If vs. Unless in Ruby

If vs. Unless in Ruby

Do you find unless to be confusing? I know I do. Especially if it’s combined with one or more boolean operators.

Take this example.

def validation
  "Bingo!" unless email_invalid? || email_missing?
end

Do you find that easy to read? I know I don’t.

Figuring out boolean operator precedence is hard enough, but throwing unless in the mix is just too much for my brain to process.

To me, the following feels much easier to understand.

def validation
  "Bingo!" if email_present? && email_valid?
end

There’s something about if that makes it easier to read and understand.

Unless vs. if

unless is the exact opposite of if. It’s a negated if.

In other words, the following three examples are equivalent.

unless number.even?
  # runs if `number` is NOT even
else
  # runs if `number` is even
end
if not number.even?
  # runs if `number` is NOT even
else
  # runs if `number` is even
end
if !number.even?
  # runs if `number` is NOT even
else
  # runs if `number` is even
end

You won’t see unless...else used very often in real life code because you can always replace it with an if...else statement.

unless true
  # do falsy stuff
else
  # do truthy stuff
end

Can be written as an if...else statement. Like so.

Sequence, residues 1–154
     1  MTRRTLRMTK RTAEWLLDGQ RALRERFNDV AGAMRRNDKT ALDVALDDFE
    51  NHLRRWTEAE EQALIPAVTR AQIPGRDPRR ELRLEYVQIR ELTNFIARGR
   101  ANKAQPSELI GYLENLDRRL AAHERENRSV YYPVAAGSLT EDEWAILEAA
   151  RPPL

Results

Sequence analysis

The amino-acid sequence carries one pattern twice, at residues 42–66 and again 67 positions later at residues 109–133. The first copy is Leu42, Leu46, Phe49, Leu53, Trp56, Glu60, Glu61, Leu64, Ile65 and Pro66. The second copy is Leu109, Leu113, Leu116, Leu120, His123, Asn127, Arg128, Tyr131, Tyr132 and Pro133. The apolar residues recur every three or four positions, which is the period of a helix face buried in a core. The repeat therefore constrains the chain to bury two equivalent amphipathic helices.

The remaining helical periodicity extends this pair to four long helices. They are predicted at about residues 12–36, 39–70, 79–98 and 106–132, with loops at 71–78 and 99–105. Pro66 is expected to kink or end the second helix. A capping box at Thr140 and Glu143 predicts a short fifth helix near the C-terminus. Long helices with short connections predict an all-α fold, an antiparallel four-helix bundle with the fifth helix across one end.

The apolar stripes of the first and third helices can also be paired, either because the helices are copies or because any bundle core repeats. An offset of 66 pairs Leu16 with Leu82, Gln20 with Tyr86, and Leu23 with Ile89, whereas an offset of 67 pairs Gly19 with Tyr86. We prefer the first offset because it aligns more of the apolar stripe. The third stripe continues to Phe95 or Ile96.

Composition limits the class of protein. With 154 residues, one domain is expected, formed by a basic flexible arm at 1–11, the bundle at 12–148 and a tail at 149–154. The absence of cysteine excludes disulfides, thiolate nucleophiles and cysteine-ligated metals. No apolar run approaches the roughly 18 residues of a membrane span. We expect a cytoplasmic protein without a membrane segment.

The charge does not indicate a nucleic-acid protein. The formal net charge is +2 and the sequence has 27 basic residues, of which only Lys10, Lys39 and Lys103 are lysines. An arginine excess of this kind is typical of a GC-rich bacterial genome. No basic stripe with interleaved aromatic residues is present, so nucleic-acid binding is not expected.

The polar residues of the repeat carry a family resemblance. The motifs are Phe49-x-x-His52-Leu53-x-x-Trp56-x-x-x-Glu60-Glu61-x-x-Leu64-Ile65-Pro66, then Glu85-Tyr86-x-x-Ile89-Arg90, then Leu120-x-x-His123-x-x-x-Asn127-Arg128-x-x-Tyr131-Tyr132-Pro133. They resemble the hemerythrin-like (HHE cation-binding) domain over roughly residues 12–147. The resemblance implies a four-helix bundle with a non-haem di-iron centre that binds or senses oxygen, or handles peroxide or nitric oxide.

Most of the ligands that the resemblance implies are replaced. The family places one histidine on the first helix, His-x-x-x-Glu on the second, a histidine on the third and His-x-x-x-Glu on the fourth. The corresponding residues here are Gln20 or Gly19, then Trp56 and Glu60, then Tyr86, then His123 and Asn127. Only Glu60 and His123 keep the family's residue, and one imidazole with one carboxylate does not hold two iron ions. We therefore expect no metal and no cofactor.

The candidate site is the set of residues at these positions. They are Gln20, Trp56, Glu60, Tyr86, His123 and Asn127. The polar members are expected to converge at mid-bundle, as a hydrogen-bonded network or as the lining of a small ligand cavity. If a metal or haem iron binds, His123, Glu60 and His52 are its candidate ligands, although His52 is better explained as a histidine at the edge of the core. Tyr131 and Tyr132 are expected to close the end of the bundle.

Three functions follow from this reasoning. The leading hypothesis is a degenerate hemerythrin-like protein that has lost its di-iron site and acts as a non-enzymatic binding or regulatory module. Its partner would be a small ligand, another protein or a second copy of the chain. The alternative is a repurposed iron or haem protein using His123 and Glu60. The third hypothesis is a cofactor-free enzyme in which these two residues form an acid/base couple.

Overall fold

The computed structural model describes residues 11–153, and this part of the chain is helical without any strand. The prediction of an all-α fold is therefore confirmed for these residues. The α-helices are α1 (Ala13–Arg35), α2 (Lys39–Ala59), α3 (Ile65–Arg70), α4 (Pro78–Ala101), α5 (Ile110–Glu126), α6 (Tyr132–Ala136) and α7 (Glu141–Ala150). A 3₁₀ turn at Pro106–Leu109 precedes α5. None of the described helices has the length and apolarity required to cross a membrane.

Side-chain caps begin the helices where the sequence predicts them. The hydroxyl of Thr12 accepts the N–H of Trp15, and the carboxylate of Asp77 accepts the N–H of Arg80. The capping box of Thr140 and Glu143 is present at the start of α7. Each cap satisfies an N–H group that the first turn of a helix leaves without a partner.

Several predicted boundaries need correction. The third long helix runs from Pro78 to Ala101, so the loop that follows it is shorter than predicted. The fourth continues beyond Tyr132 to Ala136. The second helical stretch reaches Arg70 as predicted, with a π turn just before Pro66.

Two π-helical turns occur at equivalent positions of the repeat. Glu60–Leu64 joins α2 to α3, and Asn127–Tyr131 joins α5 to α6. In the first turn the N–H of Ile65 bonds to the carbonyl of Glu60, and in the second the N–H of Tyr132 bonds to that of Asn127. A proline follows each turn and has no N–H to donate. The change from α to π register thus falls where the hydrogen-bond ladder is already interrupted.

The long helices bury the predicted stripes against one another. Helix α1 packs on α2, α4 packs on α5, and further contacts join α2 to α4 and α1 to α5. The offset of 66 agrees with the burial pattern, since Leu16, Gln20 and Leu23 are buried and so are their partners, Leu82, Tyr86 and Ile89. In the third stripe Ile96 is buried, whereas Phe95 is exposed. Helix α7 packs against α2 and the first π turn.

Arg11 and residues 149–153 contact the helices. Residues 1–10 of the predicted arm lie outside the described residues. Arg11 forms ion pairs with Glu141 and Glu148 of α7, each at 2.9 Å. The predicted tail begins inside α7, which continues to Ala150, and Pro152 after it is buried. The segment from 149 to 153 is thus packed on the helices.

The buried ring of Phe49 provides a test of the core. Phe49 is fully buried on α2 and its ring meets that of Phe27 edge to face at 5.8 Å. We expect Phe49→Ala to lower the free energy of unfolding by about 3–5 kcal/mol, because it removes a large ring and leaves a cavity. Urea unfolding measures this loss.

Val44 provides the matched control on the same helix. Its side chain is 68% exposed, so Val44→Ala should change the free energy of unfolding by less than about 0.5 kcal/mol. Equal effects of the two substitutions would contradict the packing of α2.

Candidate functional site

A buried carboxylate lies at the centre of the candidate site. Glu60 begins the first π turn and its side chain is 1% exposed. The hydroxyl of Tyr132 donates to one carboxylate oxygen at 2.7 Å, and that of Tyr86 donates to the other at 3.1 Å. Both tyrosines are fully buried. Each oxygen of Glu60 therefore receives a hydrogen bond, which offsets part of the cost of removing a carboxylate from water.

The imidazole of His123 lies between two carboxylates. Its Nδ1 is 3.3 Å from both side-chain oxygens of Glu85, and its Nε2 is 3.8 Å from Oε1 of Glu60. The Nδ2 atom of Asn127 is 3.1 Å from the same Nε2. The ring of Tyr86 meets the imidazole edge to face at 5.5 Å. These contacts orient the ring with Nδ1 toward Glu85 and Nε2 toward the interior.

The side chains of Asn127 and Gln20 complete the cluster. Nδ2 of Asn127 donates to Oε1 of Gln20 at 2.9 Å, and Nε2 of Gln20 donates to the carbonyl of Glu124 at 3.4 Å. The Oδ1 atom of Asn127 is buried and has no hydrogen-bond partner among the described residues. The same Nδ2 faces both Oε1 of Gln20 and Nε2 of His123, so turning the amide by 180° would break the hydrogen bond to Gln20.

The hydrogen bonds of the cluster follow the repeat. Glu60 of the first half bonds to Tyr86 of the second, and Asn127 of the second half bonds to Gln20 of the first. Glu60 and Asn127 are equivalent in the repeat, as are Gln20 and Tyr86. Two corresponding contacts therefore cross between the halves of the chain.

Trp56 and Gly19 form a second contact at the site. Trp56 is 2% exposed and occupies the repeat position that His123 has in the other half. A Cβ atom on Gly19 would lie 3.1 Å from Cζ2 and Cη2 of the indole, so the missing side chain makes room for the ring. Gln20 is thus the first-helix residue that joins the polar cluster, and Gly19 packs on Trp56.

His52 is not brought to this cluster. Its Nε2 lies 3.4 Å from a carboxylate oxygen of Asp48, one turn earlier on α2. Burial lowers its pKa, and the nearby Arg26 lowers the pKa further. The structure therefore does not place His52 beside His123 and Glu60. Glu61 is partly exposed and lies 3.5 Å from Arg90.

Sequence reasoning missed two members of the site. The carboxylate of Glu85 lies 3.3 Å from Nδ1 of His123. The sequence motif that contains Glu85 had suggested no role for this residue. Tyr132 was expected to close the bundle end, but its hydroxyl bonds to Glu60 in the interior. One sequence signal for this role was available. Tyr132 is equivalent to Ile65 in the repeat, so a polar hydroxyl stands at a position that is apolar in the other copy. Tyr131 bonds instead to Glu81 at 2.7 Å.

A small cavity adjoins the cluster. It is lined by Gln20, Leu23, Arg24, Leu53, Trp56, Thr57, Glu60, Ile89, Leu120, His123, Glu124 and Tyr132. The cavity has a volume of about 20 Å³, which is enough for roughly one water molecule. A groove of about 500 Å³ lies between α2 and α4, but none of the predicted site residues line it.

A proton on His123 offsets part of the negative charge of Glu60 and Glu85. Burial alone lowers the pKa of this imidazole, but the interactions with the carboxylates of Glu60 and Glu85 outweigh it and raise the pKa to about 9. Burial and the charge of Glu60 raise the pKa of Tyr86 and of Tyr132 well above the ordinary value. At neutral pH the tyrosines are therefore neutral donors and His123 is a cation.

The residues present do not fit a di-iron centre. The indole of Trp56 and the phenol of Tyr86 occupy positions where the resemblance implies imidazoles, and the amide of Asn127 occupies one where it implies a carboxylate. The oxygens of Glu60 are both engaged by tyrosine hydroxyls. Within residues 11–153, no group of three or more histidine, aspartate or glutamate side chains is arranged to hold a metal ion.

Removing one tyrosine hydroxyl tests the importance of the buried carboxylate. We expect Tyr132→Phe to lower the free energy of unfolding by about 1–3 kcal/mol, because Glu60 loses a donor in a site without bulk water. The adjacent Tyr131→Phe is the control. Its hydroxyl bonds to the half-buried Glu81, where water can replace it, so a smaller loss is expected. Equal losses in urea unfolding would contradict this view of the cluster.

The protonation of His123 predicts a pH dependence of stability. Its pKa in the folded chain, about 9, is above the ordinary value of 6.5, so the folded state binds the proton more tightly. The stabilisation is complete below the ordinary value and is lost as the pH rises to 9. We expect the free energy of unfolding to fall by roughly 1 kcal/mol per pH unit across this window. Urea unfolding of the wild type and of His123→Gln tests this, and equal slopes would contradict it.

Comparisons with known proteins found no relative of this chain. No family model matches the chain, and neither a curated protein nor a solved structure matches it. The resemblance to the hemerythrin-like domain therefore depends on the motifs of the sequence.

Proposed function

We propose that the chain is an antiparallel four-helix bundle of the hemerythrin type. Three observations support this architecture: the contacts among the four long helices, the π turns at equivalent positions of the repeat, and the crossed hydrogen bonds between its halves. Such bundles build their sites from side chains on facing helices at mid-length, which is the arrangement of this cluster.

if true
  # do truthy stuff
else
  # do falsy stuff
end

How to use unless

A good use for unless is when you want to check something at the beginning of a method. Also known as a guard clause.

def my_method(name)
  return unless name.empty?

  # ...
end

I find that using the modifier version of unless, as a guard clause improves readability.

What is the value of the if/unless modifier?

If you’re expecting a return value from the modifier, you might be surprised to find that there isn’t one. Let us test this.

What does the following method return if name is empty?

def some_method(name)
  "Bingo!" unless name.empty?
end

some_method("") # => nil

Likewise, what does the following if expression evaluate to when number is 0?

def some_method(number)
  "Bingo!" if number > 0
end

some_method(0) # => nil

As you can see, both of them are nil. But why is that?

Two reasons:

  1. It’s because the expression never runs.
  2. An empty code block returns nil.

So if there is no code to run, the entire block (i.e. the method) returns nil.

Check out these other empty code blocks.

class Foo; end # => nil
begin; end # => nil
eval("") # => nil

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